Cats rescued from demolished labour camp find home
MUSAFFAH // The 100 or so cats rescued recently from a demolished labour camp seem to be adjusting well to their new home inside an old plant nursery off the main motorway.
Purring, meowing, and, on occasion, hissing, they appear very content within the confines of several pens.
For the most part they are thriving after being rescued almost three weeks ago by Abu Dhabi Municipality before the nearby labour camp they had adopted as their home - encouraged by labourers who fed them - was pulled down. The efforts were part of the Executive Council's no-kill policy, put into effect earlier this year to stop healthy stray animals from being euthanised.
"The Musaffah labour camps cats 'could have been' disaster has been transformed into a first-time real success animal welfare story in the UAE," said Ghada Bahsoun, an adviser to the council. In four weeks, after they are used to their new home, the cats will be let out to roam free - although they will still receive food, she said.
Feline Friends Abu Dhabi, the Al Rahma Society, Eagle Environmental Services and Pest Control, the Centre for Waste Management, and the Falcon Hospital have all supported the enclosure, built for the cats from the labour camp.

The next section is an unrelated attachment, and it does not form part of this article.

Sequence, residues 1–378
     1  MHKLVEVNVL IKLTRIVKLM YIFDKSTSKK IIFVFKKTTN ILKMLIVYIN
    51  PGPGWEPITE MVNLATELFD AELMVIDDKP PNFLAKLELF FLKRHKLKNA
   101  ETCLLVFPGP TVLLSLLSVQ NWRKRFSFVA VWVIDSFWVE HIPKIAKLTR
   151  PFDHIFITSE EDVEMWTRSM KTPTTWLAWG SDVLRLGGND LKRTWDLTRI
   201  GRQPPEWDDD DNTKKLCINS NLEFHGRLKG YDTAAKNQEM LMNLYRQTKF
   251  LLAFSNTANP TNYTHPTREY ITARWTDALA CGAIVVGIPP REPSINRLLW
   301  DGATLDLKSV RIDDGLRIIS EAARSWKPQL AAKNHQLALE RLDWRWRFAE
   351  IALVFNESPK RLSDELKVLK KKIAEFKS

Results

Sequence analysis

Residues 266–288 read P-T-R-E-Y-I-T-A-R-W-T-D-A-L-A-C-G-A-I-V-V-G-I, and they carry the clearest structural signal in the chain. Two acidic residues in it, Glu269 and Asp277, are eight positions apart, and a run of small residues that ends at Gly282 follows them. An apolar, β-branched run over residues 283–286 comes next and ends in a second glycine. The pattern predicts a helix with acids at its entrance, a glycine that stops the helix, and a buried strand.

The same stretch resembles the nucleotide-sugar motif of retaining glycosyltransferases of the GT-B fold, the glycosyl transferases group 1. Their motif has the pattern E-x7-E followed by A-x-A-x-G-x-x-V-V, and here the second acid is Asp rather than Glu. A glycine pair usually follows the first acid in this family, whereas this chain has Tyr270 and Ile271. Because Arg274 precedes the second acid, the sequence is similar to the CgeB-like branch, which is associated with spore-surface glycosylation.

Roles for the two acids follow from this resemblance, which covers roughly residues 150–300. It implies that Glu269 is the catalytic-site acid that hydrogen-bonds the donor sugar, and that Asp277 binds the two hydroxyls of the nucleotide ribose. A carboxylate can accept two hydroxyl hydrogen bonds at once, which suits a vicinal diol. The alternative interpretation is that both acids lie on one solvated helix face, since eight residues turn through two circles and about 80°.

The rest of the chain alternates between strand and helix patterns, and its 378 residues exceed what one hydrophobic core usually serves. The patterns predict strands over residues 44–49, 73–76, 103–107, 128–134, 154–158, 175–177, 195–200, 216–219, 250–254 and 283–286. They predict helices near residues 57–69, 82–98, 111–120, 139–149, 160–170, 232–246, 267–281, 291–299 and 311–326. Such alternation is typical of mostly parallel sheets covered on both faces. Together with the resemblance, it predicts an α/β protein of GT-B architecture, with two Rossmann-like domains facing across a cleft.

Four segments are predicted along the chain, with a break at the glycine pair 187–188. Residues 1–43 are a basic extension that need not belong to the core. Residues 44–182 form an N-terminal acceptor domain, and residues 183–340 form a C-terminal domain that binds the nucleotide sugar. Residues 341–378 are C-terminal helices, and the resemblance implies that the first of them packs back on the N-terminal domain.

While the first camp has been a success, the hope is that the project can be expanded to deal with some of Abu Dhabi's other labour camp pets, said Pam Greer, the education co-ordinator for Feline Friends Abu Dhabi.
"We need to find out how many labour camps there are with cats, and how many cats there are," she said. "We need a timeline of when the camps are coming down, and how many cats pest control can trap and manage on daily basis."
Her views were echoed by Ms Bahsoun, who said that the council should continue to work with community groups to expand the programme. The strays issue in Abu Dhabi has improved by "leaps and bounds" in the past three years, said Mrs Greer.
"It's a much better situation for these cats now in Abu Dhabi, and it'll only get better because there's commitment to make it better from a bunch of levels," added Mrs Greer.
Raghad Auttabashi, a 30-year-old from Syria a volunteer for the Al Rahma Society, spotted the location during a trip to the labour camp before the demolition.
"It was a spacious place, there was grass, there were trees and the first thing that came to my mind were the cats," she said.
Lori Fantozzi, a 50-year-old American expatriate and Feline Friends volunteer, has been to the centre almost every morning over the past few weeks to feed and monitor the animals.
"I think their eyes are opening to the extent of the situation," she said. "As far as the shelter goes, the enclosure, I think, is a great idea."
The majority have survived but one of three kittens died, said Mrs Fantozzi.
Updated: June 21, 2011 04:00 AM